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Nordic News

The student news site of Inglemoor High School

Nordic News

The student news site of Inglemoor High School

Nordic News

Athletics move from 4A to 3A: New classification

Lucas Talbot (he/him)
Track and field coach Kirsten Vesely instructs athletes during jumping drills at practice on April 18.

Inglemoor will move down one classification from 4A to 3A in the 2024-25 school year, as a result of Washington Interscholastic Activities Association classification realignment. The WIAA classifies high schools from 1B to 4A based on school enrollment. These classifications are reviewed every four years and realignment follows. The 4A classification is the highest level, including schools with combined freshmen, sophomore and junior enrollments of 1,200 or more. Inglemoor did not meet the 4A threshold with only 1,087 students. Despite lower enrollment for the past eight years, the previous superintendent, Michelle Reid, opted to keep Inglemoor in the 4A classification to maintain competition between NSD schools.

Athletic director Kealey Stanich (she/her) initiated the conversation of Inglemoor moving down to 3A with the current Northshore School District superintendent Michael Tolley, insisting that Inglemoor should be reclassified.

“You look at the numbers, and we come in way lower than all the other numbers of 4A schools in the KingCo League. When classification was happening again, I knew we were not a 4A school. We’re a 3A school, and we needed to play 3A,” Stanich said.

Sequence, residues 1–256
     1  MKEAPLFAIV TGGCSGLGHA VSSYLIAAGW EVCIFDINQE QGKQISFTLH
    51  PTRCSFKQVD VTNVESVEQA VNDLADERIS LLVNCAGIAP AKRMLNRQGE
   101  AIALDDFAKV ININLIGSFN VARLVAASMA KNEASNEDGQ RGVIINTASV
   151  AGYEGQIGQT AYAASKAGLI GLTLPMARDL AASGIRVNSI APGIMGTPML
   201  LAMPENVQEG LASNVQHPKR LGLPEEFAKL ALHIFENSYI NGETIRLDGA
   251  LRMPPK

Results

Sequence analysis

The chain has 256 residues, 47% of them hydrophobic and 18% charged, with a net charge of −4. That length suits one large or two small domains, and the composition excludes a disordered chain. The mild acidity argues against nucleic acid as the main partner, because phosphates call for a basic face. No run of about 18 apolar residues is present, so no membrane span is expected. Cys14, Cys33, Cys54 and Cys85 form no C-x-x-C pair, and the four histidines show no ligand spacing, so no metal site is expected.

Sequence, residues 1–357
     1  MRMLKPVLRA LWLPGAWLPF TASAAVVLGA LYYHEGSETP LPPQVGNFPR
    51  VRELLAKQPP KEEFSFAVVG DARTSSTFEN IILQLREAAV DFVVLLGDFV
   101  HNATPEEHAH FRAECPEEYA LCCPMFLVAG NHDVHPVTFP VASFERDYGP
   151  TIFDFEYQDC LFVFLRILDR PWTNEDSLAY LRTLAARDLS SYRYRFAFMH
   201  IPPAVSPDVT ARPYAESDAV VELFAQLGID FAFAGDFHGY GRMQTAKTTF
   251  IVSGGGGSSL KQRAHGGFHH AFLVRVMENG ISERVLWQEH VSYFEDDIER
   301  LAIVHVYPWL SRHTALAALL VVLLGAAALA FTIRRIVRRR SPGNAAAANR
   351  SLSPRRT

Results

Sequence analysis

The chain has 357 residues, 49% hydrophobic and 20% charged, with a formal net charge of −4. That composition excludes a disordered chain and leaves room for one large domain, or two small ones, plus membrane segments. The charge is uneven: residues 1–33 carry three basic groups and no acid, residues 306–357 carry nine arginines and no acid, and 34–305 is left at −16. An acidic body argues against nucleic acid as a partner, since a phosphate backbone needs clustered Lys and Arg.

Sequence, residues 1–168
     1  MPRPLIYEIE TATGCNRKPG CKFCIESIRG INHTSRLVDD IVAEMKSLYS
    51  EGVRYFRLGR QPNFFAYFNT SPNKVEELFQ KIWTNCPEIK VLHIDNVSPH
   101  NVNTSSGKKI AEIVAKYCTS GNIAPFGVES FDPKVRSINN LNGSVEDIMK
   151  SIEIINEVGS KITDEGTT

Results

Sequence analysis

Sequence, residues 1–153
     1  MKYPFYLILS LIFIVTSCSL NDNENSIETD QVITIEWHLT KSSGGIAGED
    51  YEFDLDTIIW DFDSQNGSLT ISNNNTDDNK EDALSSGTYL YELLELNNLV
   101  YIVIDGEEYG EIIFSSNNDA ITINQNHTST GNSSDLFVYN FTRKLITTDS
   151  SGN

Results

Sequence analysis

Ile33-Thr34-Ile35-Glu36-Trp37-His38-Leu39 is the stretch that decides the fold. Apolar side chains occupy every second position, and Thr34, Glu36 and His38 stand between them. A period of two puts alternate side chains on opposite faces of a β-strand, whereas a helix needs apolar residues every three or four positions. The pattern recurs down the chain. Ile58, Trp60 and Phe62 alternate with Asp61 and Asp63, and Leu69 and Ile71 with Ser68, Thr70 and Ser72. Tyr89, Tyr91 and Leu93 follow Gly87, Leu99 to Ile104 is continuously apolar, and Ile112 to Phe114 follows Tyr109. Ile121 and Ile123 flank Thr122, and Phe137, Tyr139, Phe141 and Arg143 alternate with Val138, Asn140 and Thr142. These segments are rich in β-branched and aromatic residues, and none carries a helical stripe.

Girls basketball head coach Kristina Schumacher (she/her) said Stanich discussed the decision to move down to 3A with her and the rest of the coaching staff. Schumacher supported the switch because she also observed imbalances between Inglemoor and schools with higher enrollment.

“We’ve noticed a huge discrepancy in our student numbers, our size, our competitiveness out of the other schools, and I think it was the right move to make because we need it to be more competitive for our athletes to have success,” Schumacher said. “I think we were undersized in 22 out of 22 of our games, but now we’re going to be playing people our size and sometimes we might have an advantage inside.”

Beyond having a more even playing field, Stanich advocated for the change to 3A for athlete safety. In 2022, Inglemoor football switched to an independent schedule, marking the first season since 1998 that they did not compete at the 4A level. Football is the only sport in which schools can classify to a lower level of competition for safety reasons. While independent, games can be scheduled against whichever teams the Athletic Director chooses. However, Stanich said that football will not play against district rivals such as Bothell.

“I’m not going to schedule the other [NSD] schools, and I have been completely open with the other schools with that,” Stanich said. “I have to think of the safety of the kids.”

Multiple teams in the KingCo conference are being realigned as well, further affecting the game schedule. For example, Hazen, Lake Washington and Juanita will move from 3A to 4A. The reclassification has caused some Inglemoor coaches to take a different approach to coaching. Schumacher and her team scouted other 3A teams that they could be competing against, to give an idea of what the competition would be like.

“On the coaching side, we have to learn a lot of new people and coaches and teams and programs. For most 4A Kingco Teams, I know their program, I know they run a certain system, I know their players, and I think that we’re gonna have to really do more work in the off season,” Schumacher said.

The move to 3A will have varying impacts on each sport. Co-head track coach Kirsten Vesely (she/her) said that because track is made up of individual events, the level of competition should not be impacted as much as team sports. She expects that track and field will continue to have equal competition.